The story is all right, though heavily decompressed. Claremont could've done it in no more than two issues. Only a couple oblique references are made to the original team-up, both from Gath rather than Spider-Man or Sonja (while the latter might not recall all that happened, Spidey certainly should). The sequel from X-MEN goes unremarked upon, though that makes a bit more sense -- while Gath might remember it, Spider-Man and the citizens of New York should not.

Oeming also doesn't go with the conceit Claremont employed in both previous Gath stories, in which Spider-Man, the only untransformed character, couldn't understand anything anyone else was saying since they were all speaking some ancient Hyborean tongue. Instead, here everyone simply talks sort of like Thor, and Spider-Man comprehends everything they say, though he constantly refers to their speech as "Tolkienese" and "Hobbit slang" -- which, while cute, is still a bit disappointing compared with Claremont's approach.

The artwork from Mel Rubi, a couple years after the work covered last week in RED SONJA 1 - 6, seems to be a step up from those issues, and he draws a really nice Spider-Man as well -- clearly influenced by Todd McFarlane, but with shades of J. Scott Campbell mixed in too, particularly in the face. However, as with those previous RED SONJA issues, I feel that the colors here really, really overpower the artwork. Coloring in comics is a tricky thing -- it should support and complement the penciled and inked artwork without overshadowing it. Unfortunately, to my eye, Brian Buccellato's work here has the opposite effect. Much of the series looks muddy and drab, and when there is color, it's almost as if there's... too much of it, I guess.

Interior art by Mel Rubi. (All series covers by Michael Turner.)
There are some cute bits in this series and the work by Rubi is mostly pretty good, but I just couldn't get into it. Certainly the colors are part of it, but it's more than that. Beside the original Claremont/Byrne story and the Claremont/Romita Jr. sequel, this one just feels drawn out and rudderless. And the timeline issues, while not a big deal to most sane people, really bother me. I'm happy SPIDER-MAN/RED SONJA gave Marvel an opportunity to reprint MARVEL TEAM-UP #79, and the book will remain on my shelf for that reason, but I really can't see myself returning to this particular mini-series again.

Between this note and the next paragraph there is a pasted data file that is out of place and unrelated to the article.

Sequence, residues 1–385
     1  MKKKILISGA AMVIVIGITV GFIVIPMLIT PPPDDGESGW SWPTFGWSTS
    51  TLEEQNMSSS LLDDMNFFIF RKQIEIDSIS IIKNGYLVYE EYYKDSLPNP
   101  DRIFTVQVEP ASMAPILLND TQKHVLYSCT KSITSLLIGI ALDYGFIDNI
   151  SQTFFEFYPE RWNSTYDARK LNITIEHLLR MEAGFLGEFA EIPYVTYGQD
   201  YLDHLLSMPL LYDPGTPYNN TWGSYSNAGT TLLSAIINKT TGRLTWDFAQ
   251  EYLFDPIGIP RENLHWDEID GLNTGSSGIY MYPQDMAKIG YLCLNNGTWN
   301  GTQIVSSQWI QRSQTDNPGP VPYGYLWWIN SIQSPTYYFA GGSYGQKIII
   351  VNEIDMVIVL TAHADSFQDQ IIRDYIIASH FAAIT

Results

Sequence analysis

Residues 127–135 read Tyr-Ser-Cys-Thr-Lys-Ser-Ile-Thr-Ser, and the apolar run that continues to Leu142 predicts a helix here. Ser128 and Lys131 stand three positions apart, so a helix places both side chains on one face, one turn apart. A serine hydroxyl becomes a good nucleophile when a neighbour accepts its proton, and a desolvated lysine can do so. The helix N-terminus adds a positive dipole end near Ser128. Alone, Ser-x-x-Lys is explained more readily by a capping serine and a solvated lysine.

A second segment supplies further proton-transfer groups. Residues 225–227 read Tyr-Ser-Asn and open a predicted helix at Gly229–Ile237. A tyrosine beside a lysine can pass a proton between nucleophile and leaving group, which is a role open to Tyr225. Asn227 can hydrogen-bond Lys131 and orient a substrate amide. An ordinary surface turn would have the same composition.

Available from Amazon: Hardcover | Paperback


  1. // I feel that the colors here really, really overpower the artwork. //

    Yeah. What you have here is exactly what I hate about modern coloring gone (in my opinion) amok. This ain’t even the worst of it, either, but it’ll do as a case study. All the colors are modeled in that sort-of airbrush style with no real sensitivity, so that the result is — like you say — alternately, sometimes even simultaneously within a particular scene, garish and murky. Textures like the lizard skin and rocky surface and billowing sand in that double-page spread you show work at odds with the line art itself; you really need the penciler/inker(s) and the colorist to work together if you’re going to do that sort of thing, filling an area with a pattern or effect. Sonja’s armor is glowing, Hobgoblin’s cloak looks almost like flowing lava, and I can hardly even see the webbing on Spider-Man’s costume. Grumble grumble grumble.

    1. I think modern coloring looks really good when employed well, but the problem is, as John Byrne has noted many times in his forum, many colorists want to run wild with Photoshop and use "all the toys" whether they're right for the artwork or not!